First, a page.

feature a Dancefest on several stages.
In the German, festhalle the Polka
Dance will quicken the steps of those
who are true polka lovers, along with
polka lessons at 8:30 p.m. This will
Mr. and Mrs. Benny Benningfield of Burleson, announce the engage-
be interspersed with performances
by the Busch Gardens' Band and
The Dancefeston Saturday night ment and approaching marriage or their daughter, VanessaBenningfield
will also include the arena stage which to Chris Whitlock, son of Ronnie and Pauline Whitlock of Burleson. The
features a Country and Western Band wedding is planned for June 1992.
and the biergarten stage where a Big
Band Swing Band will play for danc-
ing. Other entertainment will be in-
terspersed with the dancing.
The Fort Worth Symphony
Orchestra and Youth Orchestra of
Greater Fort Worth are in concert
Sunday afternoon, while the Fort
Worth Civic Orchestra will perform
Admission is $4 and children 6-
years-old and under are admitted free.
There is a free shuttle from the Tandy
parking lot. Hours are noon to mid-
night on Saturday and noon to 7 p.m.
, The bride-elect and her fiancee are both 1991 Burleson High School
The bride-elect is attending TCJC. Her fiancee is in the U.S. Armv
and will be stationed in Alabama.
Who's New In The
World Of Babies
Elizabeth Dole to speak at TCU Oct. 15
ELIZABETH DOLE, president
of the American Red Cross, and
former transportation secretary.
Former transportation and labor
secretary Elizabeth Hanford Dole,
president of the American Red Cross,
will speak atTexas Christian Univer-
sity Oct. 15.
Her lecture, scheduled at 7:30
p.m. in EdLandreth Auditorium, will
inaugurate a new student-sponsored
Global Forum lecture series. Goals
for the annual forum, as set by the
University's student programming
council, include relaying "ideas of
multiculturalism, global awareness
and the sense of a world commu-
Sworn in by President Bush as
the nation's 20th secretary of labor in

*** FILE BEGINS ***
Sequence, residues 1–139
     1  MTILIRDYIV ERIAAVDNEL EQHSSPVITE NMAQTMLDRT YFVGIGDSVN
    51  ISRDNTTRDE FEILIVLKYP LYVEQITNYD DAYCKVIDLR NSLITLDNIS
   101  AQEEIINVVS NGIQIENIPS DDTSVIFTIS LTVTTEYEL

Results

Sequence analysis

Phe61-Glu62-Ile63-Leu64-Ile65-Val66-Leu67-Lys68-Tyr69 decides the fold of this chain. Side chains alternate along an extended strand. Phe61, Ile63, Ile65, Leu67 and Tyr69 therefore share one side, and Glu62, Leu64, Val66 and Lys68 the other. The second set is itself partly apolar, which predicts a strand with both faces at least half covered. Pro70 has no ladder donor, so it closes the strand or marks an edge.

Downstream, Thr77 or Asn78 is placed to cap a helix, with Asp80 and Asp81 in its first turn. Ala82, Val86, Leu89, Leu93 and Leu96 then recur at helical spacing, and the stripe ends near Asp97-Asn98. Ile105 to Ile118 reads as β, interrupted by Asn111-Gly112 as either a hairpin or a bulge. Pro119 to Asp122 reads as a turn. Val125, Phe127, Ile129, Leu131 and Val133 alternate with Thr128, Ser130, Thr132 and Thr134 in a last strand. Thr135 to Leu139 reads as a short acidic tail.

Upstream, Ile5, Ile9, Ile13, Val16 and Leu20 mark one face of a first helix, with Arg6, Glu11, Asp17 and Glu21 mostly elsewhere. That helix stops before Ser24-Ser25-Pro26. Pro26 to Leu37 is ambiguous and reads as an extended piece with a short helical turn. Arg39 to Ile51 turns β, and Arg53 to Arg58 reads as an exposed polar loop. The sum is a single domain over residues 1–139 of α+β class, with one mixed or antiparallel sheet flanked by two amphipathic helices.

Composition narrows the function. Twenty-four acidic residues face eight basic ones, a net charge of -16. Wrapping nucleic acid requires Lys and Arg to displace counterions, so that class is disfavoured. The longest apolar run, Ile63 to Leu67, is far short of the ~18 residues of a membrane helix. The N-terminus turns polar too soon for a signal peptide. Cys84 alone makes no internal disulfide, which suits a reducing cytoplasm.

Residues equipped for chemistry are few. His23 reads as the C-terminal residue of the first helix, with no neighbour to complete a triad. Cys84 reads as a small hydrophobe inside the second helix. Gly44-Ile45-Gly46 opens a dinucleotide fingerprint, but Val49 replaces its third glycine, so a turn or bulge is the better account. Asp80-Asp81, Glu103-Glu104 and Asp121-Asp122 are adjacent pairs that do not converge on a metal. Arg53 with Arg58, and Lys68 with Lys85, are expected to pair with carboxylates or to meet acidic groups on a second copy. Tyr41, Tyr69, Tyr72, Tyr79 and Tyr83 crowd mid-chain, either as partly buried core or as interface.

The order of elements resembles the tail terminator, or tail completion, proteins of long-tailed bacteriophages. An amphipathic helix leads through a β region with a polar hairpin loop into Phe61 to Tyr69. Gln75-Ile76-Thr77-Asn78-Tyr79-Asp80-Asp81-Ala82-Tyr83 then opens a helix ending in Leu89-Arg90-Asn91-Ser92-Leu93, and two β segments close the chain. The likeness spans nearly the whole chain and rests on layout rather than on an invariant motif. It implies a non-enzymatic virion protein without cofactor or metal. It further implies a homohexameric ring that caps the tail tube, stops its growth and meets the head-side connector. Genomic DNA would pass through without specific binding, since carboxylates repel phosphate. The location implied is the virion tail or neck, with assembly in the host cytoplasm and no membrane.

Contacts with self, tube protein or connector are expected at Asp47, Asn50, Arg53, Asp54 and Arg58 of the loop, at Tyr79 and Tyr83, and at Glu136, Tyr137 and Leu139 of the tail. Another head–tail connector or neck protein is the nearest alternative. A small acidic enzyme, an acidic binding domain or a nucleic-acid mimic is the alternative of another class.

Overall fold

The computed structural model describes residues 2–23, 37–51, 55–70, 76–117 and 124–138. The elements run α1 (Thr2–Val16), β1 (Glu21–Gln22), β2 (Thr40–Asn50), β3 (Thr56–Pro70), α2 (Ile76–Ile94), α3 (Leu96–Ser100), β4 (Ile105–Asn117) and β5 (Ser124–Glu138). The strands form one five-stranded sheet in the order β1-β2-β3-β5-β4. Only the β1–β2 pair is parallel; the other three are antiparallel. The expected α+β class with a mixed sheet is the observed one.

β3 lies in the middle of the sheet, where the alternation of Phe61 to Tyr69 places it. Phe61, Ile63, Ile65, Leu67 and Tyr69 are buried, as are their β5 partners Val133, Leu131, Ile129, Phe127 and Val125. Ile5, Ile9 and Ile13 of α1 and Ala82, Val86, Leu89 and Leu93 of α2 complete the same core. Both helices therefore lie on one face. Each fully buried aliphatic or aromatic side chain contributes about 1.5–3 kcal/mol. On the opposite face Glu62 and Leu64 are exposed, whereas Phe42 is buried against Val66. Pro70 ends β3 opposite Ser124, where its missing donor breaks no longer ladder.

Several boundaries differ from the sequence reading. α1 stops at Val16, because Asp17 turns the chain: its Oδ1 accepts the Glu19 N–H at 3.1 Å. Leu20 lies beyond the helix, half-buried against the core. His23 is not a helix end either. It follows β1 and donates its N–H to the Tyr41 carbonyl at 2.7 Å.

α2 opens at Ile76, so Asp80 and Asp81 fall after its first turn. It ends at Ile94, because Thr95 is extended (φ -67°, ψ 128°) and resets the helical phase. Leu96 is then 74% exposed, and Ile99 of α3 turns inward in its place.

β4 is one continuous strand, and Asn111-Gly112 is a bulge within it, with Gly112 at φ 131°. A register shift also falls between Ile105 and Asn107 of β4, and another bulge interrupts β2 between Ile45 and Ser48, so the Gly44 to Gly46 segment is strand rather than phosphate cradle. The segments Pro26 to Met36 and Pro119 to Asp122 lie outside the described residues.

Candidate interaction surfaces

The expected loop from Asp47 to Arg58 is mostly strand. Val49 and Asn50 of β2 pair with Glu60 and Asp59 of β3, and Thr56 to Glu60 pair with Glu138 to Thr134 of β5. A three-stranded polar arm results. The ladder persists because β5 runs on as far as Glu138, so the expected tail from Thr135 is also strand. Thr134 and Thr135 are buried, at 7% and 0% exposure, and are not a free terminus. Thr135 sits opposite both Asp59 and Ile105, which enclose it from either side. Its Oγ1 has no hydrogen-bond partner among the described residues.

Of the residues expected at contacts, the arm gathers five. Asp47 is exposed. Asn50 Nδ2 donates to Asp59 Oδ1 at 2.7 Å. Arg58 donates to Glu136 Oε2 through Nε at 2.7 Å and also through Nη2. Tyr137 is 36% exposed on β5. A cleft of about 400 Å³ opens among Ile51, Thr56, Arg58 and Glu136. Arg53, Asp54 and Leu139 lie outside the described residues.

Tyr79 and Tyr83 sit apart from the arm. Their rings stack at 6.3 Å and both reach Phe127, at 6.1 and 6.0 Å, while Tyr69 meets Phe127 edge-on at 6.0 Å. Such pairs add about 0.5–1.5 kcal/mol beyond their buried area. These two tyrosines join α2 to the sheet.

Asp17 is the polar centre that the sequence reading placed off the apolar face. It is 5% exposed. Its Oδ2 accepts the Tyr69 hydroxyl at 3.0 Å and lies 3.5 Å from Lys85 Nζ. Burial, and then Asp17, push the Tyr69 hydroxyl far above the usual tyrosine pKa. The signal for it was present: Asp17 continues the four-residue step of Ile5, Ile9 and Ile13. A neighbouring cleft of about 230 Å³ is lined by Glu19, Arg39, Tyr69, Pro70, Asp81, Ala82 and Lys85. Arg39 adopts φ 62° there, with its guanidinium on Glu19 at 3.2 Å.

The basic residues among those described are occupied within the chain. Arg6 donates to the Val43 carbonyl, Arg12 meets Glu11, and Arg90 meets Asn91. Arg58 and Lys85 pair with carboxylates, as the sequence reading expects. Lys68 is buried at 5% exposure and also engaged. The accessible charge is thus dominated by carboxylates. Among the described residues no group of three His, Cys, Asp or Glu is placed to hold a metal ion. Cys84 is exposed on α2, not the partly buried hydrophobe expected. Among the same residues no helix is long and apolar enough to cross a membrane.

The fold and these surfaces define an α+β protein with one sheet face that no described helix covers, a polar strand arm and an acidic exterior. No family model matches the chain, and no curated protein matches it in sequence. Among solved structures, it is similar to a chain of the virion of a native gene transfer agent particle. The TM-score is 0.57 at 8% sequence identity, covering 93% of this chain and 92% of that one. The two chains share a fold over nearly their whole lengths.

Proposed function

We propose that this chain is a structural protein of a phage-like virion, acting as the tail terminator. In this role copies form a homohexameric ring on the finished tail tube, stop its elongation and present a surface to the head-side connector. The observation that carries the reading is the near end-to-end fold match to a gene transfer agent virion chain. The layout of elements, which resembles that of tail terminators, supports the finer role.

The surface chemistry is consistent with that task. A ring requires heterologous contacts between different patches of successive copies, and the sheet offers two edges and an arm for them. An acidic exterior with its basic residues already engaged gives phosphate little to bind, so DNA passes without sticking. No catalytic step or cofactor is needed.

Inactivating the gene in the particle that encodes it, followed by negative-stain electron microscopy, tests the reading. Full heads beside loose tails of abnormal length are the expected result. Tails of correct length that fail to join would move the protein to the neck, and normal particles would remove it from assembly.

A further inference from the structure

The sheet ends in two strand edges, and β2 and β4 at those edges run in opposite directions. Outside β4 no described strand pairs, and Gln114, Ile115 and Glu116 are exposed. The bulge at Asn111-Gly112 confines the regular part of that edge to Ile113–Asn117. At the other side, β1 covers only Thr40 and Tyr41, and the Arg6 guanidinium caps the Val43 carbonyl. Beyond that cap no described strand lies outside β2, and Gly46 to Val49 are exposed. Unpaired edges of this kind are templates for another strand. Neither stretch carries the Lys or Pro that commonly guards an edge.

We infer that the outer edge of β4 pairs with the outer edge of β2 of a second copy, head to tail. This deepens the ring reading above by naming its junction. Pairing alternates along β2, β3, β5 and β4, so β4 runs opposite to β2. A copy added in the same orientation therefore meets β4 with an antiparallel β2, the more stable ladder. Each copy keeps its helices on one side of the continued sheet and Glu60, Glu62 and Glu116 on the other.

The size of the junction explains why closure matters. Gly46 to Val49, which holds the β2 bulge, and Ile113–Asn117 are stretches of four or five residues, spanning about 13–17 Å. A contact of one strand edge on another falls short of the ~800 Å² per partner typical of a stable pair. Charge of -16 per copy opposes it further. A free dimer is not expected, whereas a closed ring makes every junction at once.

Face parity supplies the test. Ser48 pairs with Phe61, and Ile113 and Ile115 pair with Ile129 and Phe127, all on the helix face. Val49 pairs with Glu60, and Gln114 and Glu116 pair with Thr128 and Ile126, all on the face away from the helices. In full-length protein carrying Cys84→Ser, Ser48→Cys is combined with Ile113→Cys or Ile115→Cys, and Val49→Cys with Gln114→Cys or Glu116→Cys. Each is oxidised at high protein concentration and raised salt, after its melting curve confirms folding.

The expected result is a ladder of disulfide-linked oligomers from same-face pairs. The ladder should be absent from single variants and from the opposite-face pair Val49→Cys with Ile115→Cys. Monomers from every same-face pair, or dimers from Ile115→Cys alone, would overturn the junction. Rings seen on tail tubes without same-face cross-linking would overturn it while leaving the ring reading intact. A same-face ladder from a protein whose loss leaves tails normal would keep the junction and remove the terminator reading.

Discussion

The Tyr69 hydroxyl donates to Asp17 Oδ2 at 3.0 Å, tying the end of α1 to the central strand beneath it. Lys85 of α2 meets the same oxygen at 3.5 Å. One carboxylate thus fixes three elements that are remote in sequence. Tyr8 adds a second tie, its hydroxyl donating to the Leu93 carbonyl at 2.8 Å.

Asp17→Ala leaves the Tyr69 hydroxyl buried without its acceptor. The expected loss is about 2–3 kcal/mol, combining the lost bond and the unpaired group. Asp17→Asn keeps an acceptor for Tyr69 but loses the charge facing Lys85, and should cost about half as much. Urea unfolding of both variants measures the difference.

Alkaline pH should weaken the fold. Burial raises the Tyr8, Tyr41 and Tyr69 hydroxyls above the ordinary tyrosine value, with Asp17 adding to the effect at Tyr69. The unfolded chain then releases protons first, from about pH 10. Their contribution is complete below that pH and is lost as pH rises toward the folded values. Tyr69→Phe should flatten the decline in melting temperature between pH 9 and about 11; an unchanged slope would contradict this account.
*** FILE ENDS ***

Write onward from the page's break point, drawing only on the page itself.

1989, Dole resigned last February in
favor of the Red Cross executive post.
From 1983 to 1987, she served as
secretary of transportation in the
Reagan and Bush administrations.
Prior to her consecutive Cabinet ap-
pointments, she waraissistant to the
president for publitrliaison (1981-
1983), a federal trade commissioner
(1973-1979), and deputy director of
the Whi te House Office of Consu mer
Dole has emerged as a popular
public servant, characterized by some
as presidential timber. Participants in
a McCall's magazine readers' survey
singled her out as the most likely first
female chief executive, and respon-
dents to a 1988 Gallup Poll ranked
Dole as one of the world's most
During her tenure as transporta-
tion secretary, she introduced Regu-
lation 208, requiring an air bag or
passive safety belt in every new auto-
mobile, and helped generate 36 state
safety belt laws. Statistics for rail, air
and highway transportation indicated
other improvements in safety under
Milestones of Dole's work with
labor included the fust minimum-
wage increase since 1981, with an
accompanying training wage reform;
effective use of a "supermediator" in
setding the Pitts ton Coal Mine strike;
initiatives in the areas of job safety,
comprehensive training and men-
toring for at-risk youth; and protec-
tion for retired coal miners' health
care funds. She also launched an
enforcement against the "glass ceil-
ing," blocking women's and minori-
ties’ advancement to top echelons of
the work force.
Dole, a native of North Caro-
linia with degrees from Duke and
Harvard universities and Harvard
Law School, has retained ties with
those institutions. She serves on
Harvard's Board of Overseers and is
a former Duke trustee. She married
U.S. Sen. Robert Dole in Kansas of
TCU's Forums Committee has
set aside a limited number of pre-
ferred seats, priced at $25. Student
tickets are $5, with all other seats
$15. Tickets go on sale Sept. 23.
Additional details about the program
are available by calling (817) 921-
7926. Further ticket information may
be obtained by calling (817) 921-
KOLE DAVID GOLDSBERRY
Jeff and Kathy Goldsberry of
Burleson proudly announce the birth
of their son, Kole David Goldsberry
on Sept. 4, 1991, at 3:07 p.m. at
Huguley Memorial Hospital. Kole
weighed in at 9 pounds, 14.1 ounces
and was 21 3/4 inches long.
Maternal grandparents are
Shirley Stockwell of Mesquite and
the late Bill Stockwell. Paternal grand-
parents are Swaine and Judy
Goldsberry of Weatherford, Okla.
Kole has an older brother, 21/2-year-